All of the clay figures from Ayia Irini are female. Nine different groups have been identified by Miriam Caskey. Because a lot of the statues were fragmentary, the total number of figurines cannot be determined, but there were more than 32. In order to help make these models, parts of them were often shaped around other objects, such as wooden sticks for the arms. They all tended to be hollow and were fired in a kiln.
The largest of the statues are half to three-quarter life-size. Most measure between 70 to 120 cm in height. Some of the best preserved figures are around one metre in height and dressed in typical “Minoan” fashion, wearing a flounced skirt that left the breasts exposed. They also wear a heavy necklace and a belt around the waist. They have their hands at the waist, and it’s been suggested that the figures were perhaps dancing. Traces of pigment suggests that all statues were originally painted.
It’s not clear if the statues are supposed to represent one or more different female deities, or even if they are supposed to represent divine beings at all. Evi Gorogianni does not doubt that the figures are supposed to be divine, and writes (p. 641):
Whether the statues represented a single deity or many, it is reasonable to assume that they were imbued with a sanctity that protected them from the fates of more mundane objects. In ancient Greek, Egyptian, and Near Eastern ritual, as well as contemporary Hindu practice, anthropomorphic cult images are treated as manifestations of deities: the deity is present in the image. Such rituals include not only prayer, sacrifice, and procession, but also the dressing, bathing, and feeding of the images, a clear indication that such representations are not merely symbols but the actual objects of religious devotion. It is possible that the terracotta statues of Ayia Irini were likewise perceived as the timeless, enduring representatives of the deity or deities residing within the temple for the benefit of the settlement.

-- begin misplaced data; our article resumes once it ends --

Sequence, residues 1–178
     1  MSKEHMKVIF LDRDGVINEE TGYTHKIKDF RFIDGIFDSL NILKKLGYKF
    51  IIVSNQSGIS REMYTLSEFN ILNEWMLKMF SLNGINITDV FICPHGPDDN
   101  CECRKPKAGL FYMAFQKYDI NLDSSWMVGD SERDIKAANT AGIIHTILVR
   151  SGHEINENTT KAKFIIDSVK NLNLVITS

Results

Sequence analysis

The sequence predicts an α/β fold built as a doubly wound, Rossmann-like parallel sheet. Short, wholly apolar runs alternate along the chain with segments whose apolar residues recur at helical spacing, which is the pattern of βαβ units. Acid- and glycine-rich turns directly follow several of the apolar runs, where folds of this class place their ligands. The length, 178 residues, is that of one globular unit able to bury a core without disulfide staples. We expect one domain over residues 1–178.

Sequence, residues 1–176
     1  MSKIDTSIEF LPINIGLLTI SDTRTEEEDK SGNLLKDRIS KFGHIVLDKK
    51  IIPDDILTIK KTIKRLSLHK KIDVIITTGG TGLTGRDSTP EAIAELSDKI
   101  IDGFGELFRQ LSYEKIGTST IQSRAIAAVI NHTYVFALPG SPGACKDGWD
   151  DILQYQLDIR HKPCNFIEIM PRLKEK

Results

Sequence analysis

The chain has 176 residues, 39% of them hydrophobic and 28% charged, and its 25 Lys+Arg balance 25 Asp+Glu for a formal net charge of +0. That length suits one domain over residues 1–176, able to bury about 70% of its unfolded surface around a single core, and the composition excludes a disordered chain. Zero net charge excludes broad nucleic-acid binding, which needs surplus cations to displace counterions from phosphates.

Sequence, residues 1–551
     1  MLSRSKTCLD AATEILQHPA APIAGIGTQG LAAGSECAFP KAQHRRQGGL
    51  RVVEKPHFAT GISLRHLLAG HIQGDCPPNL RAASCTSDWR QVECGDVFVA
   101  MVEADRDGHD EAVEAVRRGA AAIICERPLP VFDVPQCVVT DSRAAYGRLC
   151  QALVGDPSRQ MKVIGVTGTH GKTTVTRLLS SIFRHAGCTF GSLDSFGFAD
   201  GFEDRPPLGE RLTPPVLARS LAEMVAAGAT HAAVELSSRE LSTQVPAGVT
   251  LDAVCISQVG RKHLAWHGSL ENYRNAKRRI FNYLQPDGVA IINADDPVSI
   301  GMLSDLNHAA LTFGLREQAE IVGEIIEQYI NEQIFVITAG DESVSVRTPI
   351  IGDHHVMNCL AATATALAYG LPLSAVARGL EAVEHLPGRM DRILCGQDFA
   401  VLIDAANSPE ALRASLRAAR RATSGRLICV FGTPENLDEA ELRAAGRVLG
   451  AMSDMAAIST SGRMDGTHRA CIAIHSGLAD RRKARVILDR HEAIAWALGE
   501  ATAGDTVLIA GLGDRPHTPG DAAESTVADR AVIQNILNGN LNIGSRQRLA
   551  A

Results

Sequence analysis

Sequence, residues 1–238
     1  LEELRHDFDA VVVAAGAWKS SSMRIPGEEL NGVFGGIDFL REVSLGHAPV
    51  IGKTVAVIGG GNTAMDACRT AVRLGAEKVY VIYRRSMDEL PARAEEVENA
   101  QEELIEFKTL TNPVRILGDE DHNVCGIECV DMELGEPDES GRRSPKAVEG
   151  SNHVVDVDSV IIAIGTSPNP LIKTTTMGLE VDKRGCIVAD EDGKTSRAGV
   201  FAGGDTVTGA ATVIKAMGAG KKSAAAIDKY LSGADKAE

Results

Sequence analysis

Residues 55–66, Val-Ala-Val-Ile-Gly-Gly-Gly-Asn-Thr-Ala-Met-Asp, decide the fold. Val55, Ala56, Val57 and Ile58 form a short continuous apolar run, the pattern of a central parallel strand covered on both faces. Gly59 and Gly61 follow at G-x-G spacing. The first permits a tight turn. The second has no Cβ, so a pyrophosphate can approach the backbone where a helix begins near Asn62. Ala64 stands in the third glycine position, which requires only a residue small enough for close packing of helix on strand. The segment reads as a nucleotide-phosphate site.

The settlement at Ayia Irini shrank in size following the destruction of the Minoan palaces on Crete in Late Minoan IB/Late Helladic II, or ca. 1470/1460 BC (see my introductory article on Minoan Crete). The settlement was abandoned towards the end of Late Helladic IIIB (ca. 1200 BC).
This is not the end of the story, however. Finds suggest that the shrine remained in use during the Dark Ages (Andreas G. Vlachopoulos and Xenia Charalambidou 2020, p. 1014). Furthermore, the excavators discovered that in the eighth century BC, the inhabitants of Ayia Irini had found the head of one of the Bronze Age statues and placed it on a terracotta ring supported by flat stones. As Gorogianni notes (p. 643-644):
During the 9th and 8th centuries, a multitude of Bronze Age sites, ranging in function from sanctuaries to settlements and cemeteries, show continuous use or, in the case of abandoned sites, reuse as centers of ritual activity. […] These prehistoric sites were probably rehabilitated by local populations seeking to acknowledge their ancestors (real or imagined) and to make a claim on the landscape by establishing ritual practice.
Gorogianni suggests that in the eighth century, the head of one of these statues was venerated as part of an ancestor cult. Whatever the case may have been, it is clear that the past was deemed important enough to the eighth-century inhabitants of Ayia Irini for them to enshrine a relic of a bygone era. The past is forever re-used and adapted to suit contemporary needs.
Suggestions for further reading are listed below:
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